Shooting on Location
Did that make it more difficult when you’re on location?
You have to start using a lot of light. Black and white film is much less sensitive. Shooting on color film you’re working at ISO 400. Alexa’s 800. We were shooting it at 80. You need ten times more light. It may be a dark movie, but I’ll tell you on set it was blinding at times. I felt bad for the actors because they were always seeing spots. Willem and Rob are looking at each other, but they can barely see each other sometimes. From what I was told, we took almost all the big HMIs in eastern Canada to fill out the bounce light for day interiors on the set.
The production team built a lighthouse from scratch, correct?
A movie lighthouse, at least. It’s made out of scaffolding with a skin put on it. They cast bricks into that skin. We didn’t think there would ever be a functioning lens, but [Production Designer] Craig Lathrop surprised us at the very end and got the real Fresnel lens up in the lighthouse on location. I don’t know how tall the actual structure was, maybe 70 feet. It had to withstand Cape Forchu, which is impressive in itself.
Were the conditions difficult?
I’m used to every shoot with Rob being physically miserable [laughs]. I’m generally fairly hardy, but I get sick every time I do something with him. This was no exception. It was almost constant freezing rain. I have memories of eating breakfast in a tent, with the sound of the howling wind and endless, deafening banging and clanging and rattling. Eating some sort of cold porridge. It was really fitting for the film [laughs].
Plus, our lenses are 80 years old. If you get saltwater in there, they’re done. They’re also not replaceable. We had some pretty delicate stuff that was very exposed. One lens actually broke down. We had to send it in. We didn’t have a 25-millimeter lens for about three weeks.
Selecting the Lenses
What kind of lenses did you use?
They’re Bausch & Lomb Baltar lenses. I tested a good number of lenses for The Witch and I got to know vintage lenses pretty well. For this, I wanted an even stronger look. I knew we needed a contrasty look and I knew we needed an orthochromatic look. So, I went to Panavision and asked for some “off-menu” options. There was a lens from 1905 and a couple other things. You hear about the Super Baltars but I didn’t know about the original Baltars, which were designed in the ’30s, which isn’t that far from the era of lenses used on something like M.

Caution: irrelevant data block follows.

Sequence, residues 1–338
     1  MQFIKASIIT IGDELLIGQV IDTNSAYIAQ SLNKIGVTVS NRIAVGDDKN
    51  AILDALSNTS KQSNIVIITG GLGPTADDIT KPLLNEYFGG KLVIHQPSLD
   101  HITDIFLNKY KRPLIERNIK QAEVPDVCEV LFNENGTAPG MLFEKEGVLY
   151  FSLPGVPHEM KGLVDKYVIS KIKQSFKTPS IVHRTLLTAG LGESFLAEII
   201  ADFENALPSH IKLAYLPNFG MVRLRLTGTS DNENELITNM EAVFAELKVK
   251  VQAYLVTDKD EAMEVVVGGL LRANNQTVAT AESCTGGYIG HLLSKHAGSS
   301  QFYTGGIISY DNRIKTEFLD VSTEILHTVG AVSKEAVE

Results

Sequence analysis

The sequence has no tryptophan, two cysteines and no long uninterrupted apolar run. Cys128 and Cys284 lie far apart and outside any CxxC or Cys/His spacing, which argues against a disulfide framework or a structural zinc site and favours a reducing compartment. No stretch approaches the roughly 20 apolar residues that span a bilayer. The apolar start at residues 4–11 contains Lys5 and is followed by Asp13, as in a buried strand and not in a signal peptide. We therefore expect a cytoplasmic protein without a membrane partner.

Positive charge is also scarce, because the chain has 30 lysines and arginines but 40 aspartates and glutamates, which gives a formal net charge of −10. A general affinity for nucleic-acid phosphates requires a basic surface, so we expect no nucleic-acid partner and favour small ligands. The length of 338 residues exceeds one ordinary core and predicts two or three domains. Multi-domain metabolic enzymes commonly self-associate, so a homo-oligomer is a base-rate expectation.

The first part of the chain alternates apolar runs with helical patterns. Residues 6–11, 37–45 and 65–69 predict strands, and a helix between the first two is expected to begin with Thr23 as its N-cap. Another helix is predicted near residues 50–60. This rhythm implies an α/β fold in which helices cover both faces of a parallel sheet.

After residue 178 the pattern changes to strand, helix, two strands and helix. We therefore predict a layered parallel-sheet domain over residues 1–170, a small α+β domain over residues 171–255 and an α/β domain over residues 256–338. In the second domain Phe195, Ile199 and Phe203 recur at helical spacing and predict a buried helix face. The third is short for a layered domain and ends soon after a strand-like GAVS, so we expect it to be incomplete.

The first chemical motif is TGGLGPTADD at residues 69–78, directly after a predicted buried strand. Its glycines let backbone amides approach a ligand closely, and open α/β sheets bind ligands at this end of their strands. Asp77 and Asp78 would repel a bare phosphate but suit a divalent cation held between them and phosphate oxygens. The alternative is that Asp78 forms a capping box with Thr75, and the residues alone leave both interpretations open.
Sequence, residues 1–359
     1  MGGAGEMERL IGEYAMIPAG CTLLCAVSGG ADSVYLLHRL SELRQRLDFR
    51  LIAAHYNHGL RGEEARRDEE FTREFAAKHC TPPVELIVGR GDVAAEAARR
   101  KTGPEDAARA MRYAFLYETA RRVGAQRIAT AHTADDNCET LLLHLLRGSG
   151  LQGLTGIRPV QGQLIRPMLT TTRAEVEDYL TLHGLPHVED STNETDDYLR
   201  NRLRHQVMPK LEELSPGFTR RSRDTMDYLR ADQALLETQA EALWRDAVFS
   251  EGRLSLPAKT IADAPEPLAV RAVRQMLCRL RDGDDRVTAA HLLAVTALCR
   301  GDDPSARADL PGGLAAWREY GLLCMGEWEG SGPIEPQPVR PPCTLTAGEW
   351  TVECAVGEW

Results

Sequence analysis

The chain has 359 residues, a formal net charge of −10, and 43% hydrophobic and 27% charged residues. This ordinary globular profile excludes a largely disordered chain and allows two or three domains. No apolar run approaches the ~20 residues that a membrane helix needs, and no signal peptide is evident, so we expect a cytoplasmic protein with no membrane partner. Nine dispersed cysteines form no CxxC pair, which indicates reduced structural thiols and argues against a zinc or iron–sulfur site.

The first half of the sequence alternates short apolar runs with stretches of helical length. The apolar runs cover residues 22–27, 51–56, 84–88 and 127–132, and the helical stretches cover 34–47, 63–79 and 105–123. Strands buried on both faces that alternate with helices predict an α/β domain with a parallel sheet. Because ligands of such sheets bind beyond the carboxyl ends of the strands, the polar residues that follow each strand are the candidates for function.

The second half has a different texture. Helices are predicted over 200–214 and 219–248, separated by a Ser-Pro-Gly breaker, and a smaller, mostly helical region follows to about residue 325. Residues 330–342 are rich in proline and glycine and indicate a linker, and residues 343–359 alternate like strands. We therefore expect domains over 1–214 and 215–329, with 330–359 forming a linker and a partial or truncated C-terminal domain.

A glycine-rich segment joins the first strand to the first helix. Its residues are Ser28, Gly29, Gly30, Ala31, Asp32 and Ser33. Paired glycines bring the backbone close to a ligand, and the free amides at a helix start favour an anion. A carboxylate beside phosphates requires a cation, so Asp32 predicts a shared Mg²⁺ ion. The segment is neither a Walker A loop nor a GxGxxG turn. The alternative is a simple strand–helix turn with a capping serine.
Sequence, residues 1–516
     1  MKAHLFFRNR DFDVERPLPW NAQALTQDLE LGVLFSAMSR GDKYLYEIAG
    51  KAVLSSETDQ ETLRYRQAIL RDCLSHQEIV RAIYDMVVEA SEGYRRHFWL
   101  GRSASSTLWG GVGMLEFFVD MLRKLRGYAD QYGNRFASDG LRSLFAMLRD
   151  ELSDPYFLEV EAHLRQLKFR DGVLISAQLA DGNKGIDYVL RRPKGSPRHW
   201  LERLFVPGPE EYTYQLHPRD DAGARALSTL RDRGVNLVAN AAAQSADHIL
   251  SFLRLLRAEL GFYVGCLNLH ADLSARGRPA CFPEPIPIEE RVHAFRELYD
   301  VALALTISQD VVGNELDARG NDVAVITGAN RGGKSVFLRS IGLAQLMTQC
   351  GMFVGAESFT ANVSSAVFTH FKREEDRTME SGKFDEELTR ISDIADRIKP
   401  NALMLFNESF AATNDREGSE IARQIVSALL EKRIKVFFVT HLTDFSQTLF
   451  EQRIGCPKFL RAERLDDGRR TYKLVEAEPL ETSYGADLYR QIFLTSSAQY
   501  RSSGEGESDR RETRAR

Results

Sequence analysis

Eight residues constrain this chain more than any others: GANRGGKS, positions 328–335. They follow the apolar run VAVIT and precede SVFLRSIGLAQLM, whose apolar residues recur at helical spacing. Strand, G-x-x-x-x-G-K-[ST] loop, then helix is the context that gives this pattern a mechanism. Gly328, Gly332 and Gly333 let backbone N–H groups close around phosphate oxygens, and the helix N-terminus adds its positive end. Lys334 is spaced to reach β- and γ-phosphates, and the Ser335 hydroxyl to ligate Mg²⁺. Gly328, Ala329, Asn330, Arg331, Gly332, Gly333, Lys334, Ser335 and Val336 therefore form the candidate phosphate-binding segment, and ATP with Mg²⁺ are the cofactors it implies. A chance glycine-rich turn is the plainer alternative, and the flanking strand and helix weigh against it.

They’re the most beautiful portrait lenses I’d ever seen. Highlights with glow. Distinct, but they weren’t too heavy-handed. It wasn’t gauzy. They had a shimmery quality that really took me somewhere else. I fell in love with them.
Did you have to retrofit the cameras to fit them?
They were made before rotating reflex cameras. They’re made for old rackover cameras—rangefinder cameras, essentially. Panavision had to optically adjust these lenses to work with a modern film camera, which I didn’t think was possible, but Dan Sasaki did it. As far as I’m aware, they have not been used with a film camera since the reflex camera was invented.
Honing In On The Look
You mentioned an “orthochromatic” look. Could you explain that?
Black and white can mean a lot of things because you get to choose what spectrum you extract your black and white image from. The first photographic materials were sensitive to ultraviolet light and blue light. That was it. If you look at the earliest photography, it looks different than black and white film now. Things that emitted a lot of ultraviolet and blue light were very bright. That’s why a Carleton Watkins or Timothy O’Sullivan photograph has hazy, blank white skies. Skin tones are always very dark in those old photographs and super textured because they primarily reflect red with a little bit of green. The emulsion could barely see them.
Around 1870, they expanded the spectrum of film to include green light. They called those emulsions orthochromatic, meaning all wavelengths, even though it’s inaccurate. It’s really just blue and green. That was the predominant type of film until about late ’20s or 1930.
If you look at silent films the sky is generally blindingly white. In Hollywood films, they would put on a lot of makeup, that classic silent film look with makeup pancaked on. That’s because the film wasn’t sensitive to red light and everyone looked very weathered and craggy otherwise. I liked that look for this film. I wanted to emphasize texture. Make them look as rough as possible. I have to say Willem has some very good skin, but it even works on him [laughs].
So, how did you get that look?
I wanted to eliminate red light coming into the camera. So, what do you do? You could get blue filters or blue-green filters, but there’s a lot of peripheral light they also eliminate and the film was not that sensitive. Filters would cut three or four stops. You’re down to ISO 25 or even 12 with filters on, which is not practical at all. Finally, Mike Carter at Panavision introduced me to Ron Engvaldsen at Schneider and, shockingly, they offered to make a custom filter for us.
They asked me to draw a spectrograph indicating what wavelengths I wanted and didn’t want. I drew a picture, emailed it to them, and they made it within a month’s time. Even better, Panavision paid for it. I don’t know who they’re going to rent these filters to, but it blows my mind that this happened.
Why go through all of this trouble?
We could have shot color or de-saturated it. We could have pulled out the red channel. But, it doesn’t quite look the same. There’s so much more satisfaction doing it the difficult way sometimes. It gives that extra 20 percent and hopefully people will feel it. Sometimes it’s more satisfying with a little struggle.